Jonathon Van Maren

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How can you tell it’s a pro-abortion protest? Nudity and middle fingers

Jonathon Van Maren Jonathon Van Maren Follow Jonathon

May 20, 2019 (LifeSiteNews) — The coffee meet-and-greet on Saturday, May 18 was supposed to be low-key. MPP Sam Oosterhoff was scheduled to show up at the Grimsby branch of the Canadian legion at 9 A.M., where constituents could show up with questions or concerns or just to say hello. A group of abortion activists, however, had other plans, none of which involved actually asking questions or expressing concerns in polite or civilized manner. Enraged by Oosterhoff’s recent speech at the Toronto March for Life, they decided to show their displeasure.

A few dozen men and women descended on the legion hall, chanting and shouting. Several of them sported the white bonnets and long red dresses of Margaret Atwood’s The Handmaid’s Tale, which delusional abortion activists lacking in both literacy and observation skills have decided is a pro-life parable. They ended up being the best-dressed ones there — one woman went entirely topless, presumably to protest objectification.

When Oosterhoff eventually attempted to leave in a pickup truck, the rabble decided to take action. As the Toronto Star put it:

The crowd didn’t let him go quietly, quickly surrounding the truck and refusing to budge. Protestors shouted at the two inside the truck, while a topless protester demonstrated outside the passenger window.

After about twenty minutes, with much shouting and at least one male protester prominently displaying the middle finger, the police finally arrived to clear a path for the vehicle. This display of crudeness, nudity, obscenity, and lawbreaking, of course, was considered a raging success by the feticide enthusiasts, who took to Twitter to celebrate.

They were congratulated by the federal NDP’s Charlie Angus, the longtime member of Parliament for Timmins-James Bay. Angus, who as recently as January mourned the “growing deterioration of civil discourse,” chortled that the “Minister for Incel got panicked” when the abortion activists showed up. This is the second time Angus, who has a strange obsession with Oosterhoff, has called the young politician an “incel,” the first being just after the MPP’s speech at the Toronto March for Life.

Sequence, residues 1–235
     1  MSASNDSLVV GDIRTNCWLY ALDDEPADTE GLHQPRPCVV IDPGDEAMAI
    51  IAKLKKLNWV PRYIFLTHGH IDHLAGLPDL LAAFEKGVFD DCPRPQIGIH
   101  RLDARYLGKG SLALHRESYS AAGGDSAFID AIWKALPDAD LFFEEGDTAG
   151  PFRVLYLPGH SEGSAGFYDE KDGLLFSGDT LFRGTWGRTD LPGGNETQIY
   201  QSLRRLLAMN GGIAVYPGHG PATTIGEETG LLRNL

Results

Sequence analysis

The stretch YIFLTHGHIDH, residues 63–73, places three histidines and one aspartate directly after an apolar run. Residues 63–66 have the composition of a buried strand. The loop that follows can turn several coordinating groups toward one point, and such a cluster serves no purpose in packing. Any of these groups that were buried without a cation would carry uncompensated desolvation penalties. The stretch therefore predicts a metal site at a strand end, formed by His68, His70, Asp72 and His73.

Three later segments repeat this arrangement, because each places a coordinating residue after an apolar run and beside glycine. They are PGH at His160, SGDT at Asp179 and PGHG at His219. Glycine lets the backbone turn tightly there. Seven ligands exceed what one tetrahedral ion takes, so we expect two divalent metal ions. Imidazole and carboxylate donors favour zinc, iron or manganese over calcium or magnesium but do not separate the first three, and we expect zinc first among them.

“Incel” is shorthand for “involuntary celibate,” referring to a male who cannot find a sexual partner. It isn’t clear what Angus is trying to get at here: is he mocking Oosterhoff’s Christian beliefs about sexuality? Is he insinuating that he thinks Oosterhoff is undesirable, an extremely weird thing for a politician pushing 60 to say about a much younger man? Or is he claiming that young men who do struggle to find a partner are somehow pathetic and worthy of ridicule? At any rate, Oosterhoff’s upcoming marriage is well known, so it appears that the only safe conclusion here is that Angus has fallen directly onto his face.

Consider, for a moment, how the media would be reacting if the tables were turned. If it were pro-life activists blockading the vehicle of a pro-choice politician, progressive politicians would be calling for a bubble zone around every abortion-supporting politician in the country. Pro-life activists would be accused of “threatening” and intimidation.” If it were a pro-life politician referring to a pro-abortion politician as an “incel,” the editorial pages would be throbbing with the indignation of progressive columnists, and politicians would be issuing condemnations and calling for apologies.

But thousands upon thousands of pro-life men, women, and children rallied across the country this past month from Victoria to Ottawa, and nobody took his clothes off. Nobody swore at the abortion activists who showed up to protest, and nobody blockaded anybody’s vehicle. That’s not simply because pro-lifers are aware that the media and the politicians will lie about them if given the chance. It is also because the difference between a movement built on love and compassion and a movement dedicated to selfishness and abortion is obvious simply by contrasting their public protests.

In this episode of The Van Maren Show, Jonathon van Maren and Lord Conrad Black have a conversation specifically about Donald Trump, starting with the most obvious question: “What made you write a biography about President Donald J. Trump?” Lord Black is best known for being the former publisher of The London Daily Telegraph, The Spectator, The Chicago Sun-Times, and The Jerusalem Post and the founder of Canada’s National Post. A commentator on both TV and radio, he has been one of the primary defenders of President Trump.

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Jonathon Van Maren

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Jonathon Van Maren is a public speaker, writer, and pro-life activist. His commentary has been translated into more than eight languages and published widely online as well as print newspapers such as the Jewish Independent, the National Post, the Hamilton Spectator and others. He has received an award for combating anti-Semitism in print from the Jewish organization B’nai Brith. His commentary has been featured on CTV Primetime, Global News, EWTN, and the CBC as well as dozens of radio stations and news outlets in Canada and the United States.

He speaks on a wide variety of cultural topics across North America at universities, high schools, churches, and other functions. Some of these topics include abortion, pornography, the Sexual Revolution, and euthanasia. Jonathon holds a Bachelor of Arts Degree in history from Simon Fraser University, and is the communications director for the Canadian Centre for Bio-Ethical Reform.

Jonathon’s first book, The Culture War, was released in 2016.